David Warmflash writes for the Genetic Literacy Project about the challenges being faced by innovators using genetically engineered animals to solve some of the world’s most pressing health, environmental and societal problems. Warmflash is an astrobiologist, physician and science writer:
If genetically modified (GM) and genetically edited (GE) plants face an uphill battle in moving from proof-of-concept to the dinner tables of consumers, then GM and GE animals are up against a proverbial Mount Everest.
GM and GE animals that have made it to the market, thus far, include fluorescent glowing fish, drugs made in the milk of GE goats and GE rabbits, and the GM mosquitoes being tested in Brazil and elsewhere to suppress populations of Aedes that carry Zika virus, as well as dengue, chikungunya, and yellow fever. But high tech animals going into the food supply are another matter.
Thus far, only AquAdvantage GM salmon is at the finish line in the pathway to market, and that’s after a history that started as early as 1989. Imagine, if those large, chunky cell phones conceived in the era when pop singer Madonna was the new rage were just becoming available to the public today. That’s how things are with the GM salmon, and even those fish still have more hurdles before you can actually find them in the store.
Other GM and GE animals have shown excellent promise in research, with potential advantages such as efficient food production (similar to the GM salmon), decreased environmental impact, improved animal welfare, and health benefits for humans who consume the meat. But they wait in the wings with no certainly of whether they will ever make it as far as the salmon.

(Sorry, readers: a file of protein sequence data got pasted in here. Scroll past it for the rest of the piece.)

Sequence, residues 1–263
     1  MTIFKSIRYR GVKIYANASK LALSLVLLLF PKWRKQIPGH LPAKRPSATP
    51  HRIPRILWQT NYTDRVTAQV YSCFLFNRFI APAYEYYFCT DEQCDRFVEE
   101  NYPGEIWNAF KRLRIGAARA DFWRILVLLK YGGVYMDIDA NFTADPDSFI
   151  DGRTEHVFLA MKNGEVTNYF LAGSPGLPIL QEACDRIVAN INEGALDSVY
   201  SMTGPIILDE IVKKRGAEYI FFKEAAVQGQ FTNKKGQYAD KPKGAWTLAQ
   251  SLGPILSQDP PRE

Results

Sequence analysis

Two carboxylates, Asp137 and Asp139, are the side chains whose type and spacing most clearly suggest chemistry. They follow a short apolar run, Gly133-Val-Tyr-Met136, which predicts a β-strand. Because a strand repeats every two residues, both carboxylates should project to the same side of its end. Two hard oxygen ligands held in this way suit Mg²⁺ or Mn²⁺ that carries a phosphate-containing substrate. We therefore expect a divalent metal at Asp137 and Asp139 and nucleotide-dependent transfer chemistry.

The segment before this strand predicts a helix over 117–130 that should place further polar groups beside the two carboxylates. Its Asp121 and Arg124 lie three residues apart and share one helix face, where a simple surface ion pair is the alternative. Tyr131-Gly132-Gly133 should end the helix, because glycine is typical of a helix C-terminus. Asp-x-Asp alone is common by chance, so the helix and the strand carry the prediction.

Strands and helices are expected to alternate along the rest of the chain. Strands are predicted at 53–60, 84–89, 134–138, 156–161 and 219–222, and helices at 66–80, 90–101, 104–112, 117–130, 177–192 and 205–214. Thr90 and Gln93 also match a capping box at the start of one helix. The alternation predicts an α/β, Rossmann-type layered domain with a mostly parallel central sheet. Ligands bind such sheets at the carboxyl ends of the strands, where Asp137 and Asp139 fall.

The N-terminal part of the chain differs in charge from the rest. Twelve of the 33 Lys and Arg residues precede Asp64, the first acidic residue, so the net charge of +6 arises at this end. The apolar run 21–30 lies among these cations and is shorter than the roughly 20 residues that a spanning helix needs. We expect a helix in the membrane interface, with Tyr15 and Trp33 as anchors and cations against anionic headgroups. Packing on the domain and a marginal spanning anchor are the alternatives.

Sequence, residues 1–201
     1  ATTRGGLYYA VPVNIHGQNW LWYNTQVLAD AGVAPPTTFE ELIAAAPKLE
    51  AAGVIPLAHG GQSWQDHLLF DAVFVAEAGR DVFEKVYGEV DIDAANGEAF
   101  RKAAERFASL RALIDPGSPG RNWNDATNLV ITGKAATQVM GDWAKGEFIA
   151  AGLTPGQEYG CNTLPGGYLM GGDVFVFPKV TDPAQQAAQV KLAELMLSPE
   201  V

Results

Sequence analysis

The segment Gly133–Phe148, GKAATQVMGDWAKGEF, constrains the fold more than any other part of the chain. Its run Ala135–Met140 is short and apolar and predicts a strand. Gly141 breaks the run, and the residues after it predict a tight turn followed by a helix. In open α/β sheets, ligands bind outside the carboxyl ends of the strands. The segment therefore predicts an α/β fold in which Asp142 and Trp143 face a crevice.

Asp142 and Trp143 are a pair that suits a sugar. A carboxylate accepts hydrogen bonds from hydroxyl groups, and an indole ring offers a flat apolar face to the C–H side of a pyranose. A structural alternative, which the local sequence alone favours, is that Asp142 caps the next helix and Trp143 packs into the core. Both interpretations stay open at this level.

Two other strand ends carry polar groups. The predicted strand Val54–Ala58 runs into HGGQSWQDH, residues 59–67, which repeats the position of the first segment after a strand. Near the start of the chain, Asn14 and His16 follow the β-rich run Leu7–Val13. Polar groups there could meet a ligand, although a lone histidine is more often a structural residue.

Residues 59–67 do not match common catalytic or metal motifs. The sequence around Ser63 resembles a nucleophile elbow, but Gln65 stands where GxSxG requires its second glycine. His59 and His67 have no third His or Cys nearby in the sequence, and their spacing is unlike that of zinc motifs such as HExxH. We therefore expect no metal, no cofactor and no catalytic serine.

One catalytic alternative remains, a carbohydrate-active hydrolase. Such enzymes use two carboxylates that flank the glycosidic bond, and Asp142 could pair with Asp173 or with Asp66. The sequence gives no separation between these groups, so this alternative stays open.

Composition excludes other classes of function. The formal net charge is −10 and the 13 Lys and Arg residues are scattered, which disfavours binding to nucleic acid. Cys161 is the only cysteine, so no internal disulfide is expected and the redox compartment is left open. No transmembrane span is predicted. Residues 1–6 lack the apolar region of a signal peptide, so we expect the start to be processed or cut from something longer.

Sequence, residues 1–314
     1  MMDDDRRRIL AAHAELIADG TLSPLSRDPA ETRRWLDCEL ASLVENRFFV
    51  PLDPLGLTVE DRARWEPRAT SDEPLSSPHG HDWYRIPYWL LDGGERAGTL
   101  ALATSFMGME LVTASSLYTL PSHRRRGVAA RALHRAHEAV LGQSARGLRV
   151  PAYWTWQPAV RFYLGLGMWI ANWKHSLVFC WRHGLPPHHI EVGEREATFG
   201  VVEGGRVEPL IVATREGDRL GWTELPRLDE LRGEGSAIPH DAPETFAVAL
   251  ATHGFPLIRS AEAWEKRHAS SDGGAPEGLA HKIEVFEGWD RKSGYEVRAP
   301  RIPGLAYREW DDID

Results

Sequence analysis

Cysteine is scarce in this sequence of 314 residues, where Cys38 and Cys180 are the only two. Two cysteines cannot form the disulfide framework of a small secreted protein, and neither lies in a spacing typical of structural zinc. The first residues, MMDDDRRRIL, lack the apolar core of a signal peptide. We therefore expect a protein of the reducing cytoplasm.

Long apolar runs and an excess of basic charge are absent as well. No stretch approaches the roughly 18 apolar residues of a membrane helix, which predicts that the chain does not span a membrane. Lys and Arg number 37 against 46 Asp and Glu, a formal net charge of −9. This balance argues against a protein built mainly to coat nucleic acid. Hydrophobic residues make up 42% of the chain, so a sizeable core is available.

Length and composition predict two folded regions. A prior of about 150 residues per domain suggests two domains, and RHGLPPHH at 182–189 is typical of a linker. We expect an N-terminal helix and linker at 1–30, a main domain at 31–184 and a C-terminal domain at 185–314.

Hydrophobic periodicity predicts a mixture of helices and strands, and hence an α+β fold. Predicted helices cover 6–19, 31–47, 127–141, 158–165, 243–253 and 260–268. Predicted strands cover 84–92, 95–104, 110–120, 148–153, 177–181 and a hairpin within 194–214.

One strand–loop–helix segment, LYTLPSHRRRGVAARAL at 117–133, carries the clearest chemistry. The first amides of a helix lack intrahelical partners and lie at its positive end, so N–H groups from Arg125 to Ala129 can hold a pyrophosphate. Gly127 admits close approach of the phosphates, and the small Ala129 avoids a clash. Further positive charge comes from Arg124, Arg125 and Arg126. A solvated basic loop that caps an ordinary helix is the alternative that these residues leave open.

Biotechnology-generated animals can stall in research stages, or be prevented from entering the food market, for a variety of reasons. Many promising GM animals have been developed only by public sector scientists, so there’s a lack of funding to scale up the project sufficient for getting it into consumer markets. In other cases, the obstacles are purely political.
If the AquAdvantage salmon is the model in the United States, other GM/GE animals intended as food sources could face a long road of hurdles and twists before they ever get to market. Some may never get there and could remain on the shelf in somebody’s lab indefinitely.
In the full article, Warmflash describes some examples such as hornless cattle, bird flu-resistant chickens, omega-3 pigs, mastitis-resistant cows and the Enviropig, designed to make pork production more environmentally friendly. All of these – and other GE/GM animal technologies – show excellent promise in terms of their advantage, IF they ever find a way to consumers.